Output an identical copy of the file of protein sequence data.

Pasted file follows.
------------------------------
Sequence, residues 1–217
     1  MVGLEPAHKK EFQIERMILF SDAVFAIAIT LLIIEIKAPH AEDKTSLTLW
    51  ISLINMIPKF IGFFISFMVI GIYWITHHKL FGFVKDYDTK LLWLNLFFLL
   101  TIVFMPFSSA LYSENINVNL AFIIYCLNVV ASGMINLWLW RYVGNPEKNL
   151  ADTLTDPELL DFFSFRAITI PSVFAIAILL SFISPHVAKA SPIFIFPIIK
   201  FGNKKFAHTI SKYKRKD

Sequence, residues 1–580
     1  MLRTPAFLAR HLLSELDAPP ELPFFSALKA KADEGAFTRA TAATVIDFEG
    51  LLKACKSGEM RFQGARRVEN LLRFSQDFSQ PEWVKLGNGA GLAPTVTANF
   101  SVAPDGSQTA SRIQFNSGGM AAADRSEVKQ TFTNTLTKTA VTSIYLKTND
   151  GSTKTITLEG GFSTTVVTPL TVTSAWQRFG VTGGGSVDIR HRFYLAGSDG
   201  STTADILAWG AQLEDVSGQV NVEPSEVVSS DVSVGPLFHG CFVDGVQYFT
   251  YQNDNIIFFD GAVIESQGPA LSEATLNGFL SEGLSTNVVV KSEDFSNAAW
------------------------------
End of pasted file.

Sequence, residues 1–217
     1  MVGLEPAHKK EFQIERMILF SDAVFAIAIT LLIIEIKAPH AEDKTSLTLW
    51  ISLINMIPKF IGFFISFMVI GIYWITHHKL FGFVKDYDTK LLWLNLFFLL
   101  TIVFMPFSSA LYSENINVNL AFIIYCLNVV ASGMINLWLW RYVGNPEKNL
   151  ADTLTDPELL DFFSFRAITI PSVFAIAILL SFISPHVAKA SPIFIFPIIK
   201  FGNKKFAHTI SKYKRKD

Sequence, residues 1–580
     1  MLRTPAFLAR HLLSELDAPP ELPFFSALKA KADEGAFTRA TAATVIDFEG
    51  LLKACKSGEM RFQGARRVEN LLRFSQDFSQ PEWVKLGNGA GLAPTVTANF
   101  SVAPDGSQTA SRIQFNSGGM AAADRSEVKQ TFTNTLTKTA VTSIYLKTND
   151  GSTKTITLEG GFSTTVVTPL TVTSAWQRFG VTGGGSVDIR HRFYLAGSDG
   201  STTADILAWG AQLEDVSGQV NVEPSEVVSS DVSVGPLFHG CFVDGVQYFT
   251  YQNDNIIFFD GAVIESQGPA LSEATLNGFL SEGLSTNVVV KSEDFSNAAW